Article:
if(e.Column.FieldName == "Name") {
            e.Appearance.BackColor = _mark ? Color.LightGreen : Color.LightSalmon;
            e.Appearance.TextOptions.HAlignment = _mark ? HorzAlignment.Far : HorzAlignment.Near;

You can also handle the GridView.RowStyle event to process and paint rows and group rows individually. For example, the code snippet below highlights focused rows.

Data Grid - RowStyle

Color foreColor = Color.Brown;
    Color backColor = Color.LightGreen;

    //Changing the appearance settings of row cells dynamically
    gridView.RowStyle += (sender, e) => {
        GridView view = sender as GridView;
        //Change selected rows' fore and back colors
        if(view.IsRowSelected(e.RowHandle)) {
            e.Appearance.ForeColor = foreColor;
            e.Appearance.BackColor = backColor;
            /* This property controls whether settings provided by the RowStyle event have a higher priority 
               than the appearances specified by GridViewAppearances.EvenRow 
               and GridViewAppearances.OddRow properties */
            e.HighPriority = true;

The GridView.GroupLevelStyle event allows you to dynamically paint group rows and apply unique appearance settings for each group level. In the following example, different group row levels have different appearance settings.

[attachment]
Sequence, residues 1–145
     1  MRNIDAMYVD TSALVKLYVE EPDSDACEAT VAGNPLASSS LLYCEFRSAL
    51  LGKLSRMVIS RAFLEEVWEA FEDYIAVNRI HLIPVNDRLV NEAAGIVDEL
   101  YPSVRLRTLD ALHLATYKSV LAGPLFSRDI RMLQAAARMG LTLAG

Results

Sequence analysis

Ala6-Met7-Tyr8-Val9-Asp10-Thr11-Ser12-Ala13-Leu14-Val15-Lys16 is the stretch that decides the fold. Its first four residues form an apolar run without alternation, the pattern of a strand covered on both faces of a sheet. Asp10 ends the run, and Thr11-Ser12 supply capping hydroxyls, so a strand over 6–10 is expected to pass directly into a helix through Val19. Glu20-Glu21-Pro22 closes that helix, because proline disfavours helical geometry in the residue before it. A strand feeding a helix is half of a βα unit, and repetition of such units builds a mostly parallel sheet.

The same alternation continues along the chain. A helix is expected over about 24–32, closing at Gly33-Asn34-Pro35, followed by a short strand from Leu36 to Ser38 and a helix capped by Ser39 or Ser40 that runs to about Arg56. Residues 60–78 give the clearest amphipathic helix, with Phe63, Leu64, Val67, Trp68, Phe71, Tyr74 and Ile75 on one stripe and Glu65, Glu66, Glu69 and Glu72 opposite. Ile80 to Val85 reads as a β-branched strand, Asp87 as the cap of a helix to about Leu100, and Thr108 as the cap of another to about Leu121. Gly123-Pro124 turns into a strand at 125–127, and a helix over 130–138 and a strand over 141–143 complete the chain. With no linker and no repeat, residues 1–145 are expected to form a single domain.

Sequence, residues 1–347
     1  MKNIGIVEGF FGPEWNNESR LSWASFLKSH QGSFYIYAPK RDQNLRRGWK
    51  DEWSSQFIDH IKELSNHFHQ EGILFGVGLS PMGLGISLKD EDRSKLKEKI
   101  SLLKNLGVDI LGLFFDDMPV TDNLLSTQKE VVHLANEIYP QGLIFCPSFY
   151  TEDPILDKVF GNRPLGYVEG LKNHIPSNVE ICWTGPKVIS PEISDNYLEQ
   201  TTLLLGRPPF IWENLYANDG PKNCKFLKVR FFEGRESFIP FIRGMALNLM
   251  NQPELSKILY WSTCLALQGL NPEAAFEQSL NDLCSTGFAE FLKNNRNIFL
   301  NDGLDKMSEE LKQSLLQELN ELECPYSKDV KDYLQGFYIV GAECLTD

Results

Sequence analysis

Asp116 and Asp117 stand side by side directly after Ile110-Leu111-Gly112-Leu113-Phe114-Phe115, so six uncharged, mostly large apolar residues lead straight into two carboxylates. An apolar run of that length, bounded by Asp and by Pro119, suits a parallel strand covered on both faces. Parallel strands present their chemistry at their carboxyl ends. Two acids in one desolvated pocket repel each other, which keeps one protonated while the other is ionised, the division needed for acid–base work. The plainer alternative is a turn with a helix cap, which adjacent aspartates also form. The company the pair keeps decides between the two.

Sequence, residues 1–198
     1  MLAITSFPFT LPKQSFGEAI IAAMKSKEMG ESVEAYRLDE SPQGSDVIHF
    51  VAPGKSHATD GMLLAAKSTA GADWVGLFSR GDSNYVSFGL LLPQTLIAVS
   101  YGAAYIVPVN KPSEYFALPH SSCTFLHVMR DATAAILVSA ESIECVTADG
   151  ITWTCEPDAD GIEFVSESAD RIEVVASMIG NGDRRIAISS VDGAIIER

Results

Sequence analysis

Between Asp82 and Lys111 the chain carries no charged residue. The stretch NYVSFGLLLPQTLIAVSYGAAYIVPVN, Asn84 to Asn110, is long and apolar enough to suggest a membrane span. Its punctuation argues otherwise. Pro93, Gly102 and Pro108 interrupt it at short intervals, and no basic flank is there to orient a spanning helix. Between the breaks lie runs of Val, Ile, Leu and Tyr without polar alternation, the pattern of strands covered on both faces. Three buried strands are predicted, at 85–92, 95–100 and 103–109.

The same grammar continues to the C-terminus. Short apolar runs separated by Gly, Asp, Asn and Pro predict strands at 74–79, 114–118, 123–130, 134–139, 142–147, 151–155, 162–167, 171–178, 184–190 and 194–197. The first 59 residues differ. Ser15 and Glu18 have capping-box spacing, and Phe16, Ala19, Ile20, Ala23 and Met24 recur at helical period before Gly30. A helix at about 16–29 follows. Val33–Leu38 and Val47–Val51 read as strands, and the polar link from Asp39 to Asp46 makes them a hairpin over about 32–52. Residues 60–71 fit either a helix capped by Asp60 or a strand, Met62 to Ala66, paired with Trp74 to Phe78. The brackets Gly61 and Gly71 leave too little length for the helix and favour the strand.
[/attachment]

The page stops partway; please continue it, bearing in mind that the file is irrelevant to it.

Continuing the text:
Data Grid - Group Row Appearances

gridView.GroupLevelStyle += (s, e) => {
        if(e.Level == 0) {
            e.LevelAppearance.ForeColor = Color.WhiteSmoke;
            e.LevelAppearance.BackColor = Color.Salmon;
        } else {
            e.LevelAppearance.ForeColor = Color.FromArgb(50, 50, 50);
            e.LevelAppearance.BackColor = Color.LightSalmon;



You can also handle ~CustomDraw events to customize row and cell appearances dynamically: CustomDrawCell, CustomDrawGroupRow, CustomDrawGroupRowCell, CustomDrawFooterCell etc. Refer to Custom Painting Demos to see these events in action.

Override Custom Appearances for Selected Cells

Appearance settings of individual cells have lower priority than custom Column.AppearanceCell settings. For this reason, if you allow a user to select individual cells (OptionsSelection.MultiSelectMode = CellSelect) with custom appearances, all cells (selected and unselected) look the same. To adjust this behavior and highlight selected cells, handle the GridView.RowCellStyle event.

private void GridView1_RowCellStyle(object sender, RowCellStyleEventArgs e) {
    GridView view = sender as GridView;
    if(view.IsCellSelected(e.RowHandle, e.Column)) {
        e.Appearance.BackColor = view.PaintAppearance.SelectedRow.BackColor;
        e.Appearance.ForeColor = view.PaintAppearance.SelectedRow.ForeColor;
See Also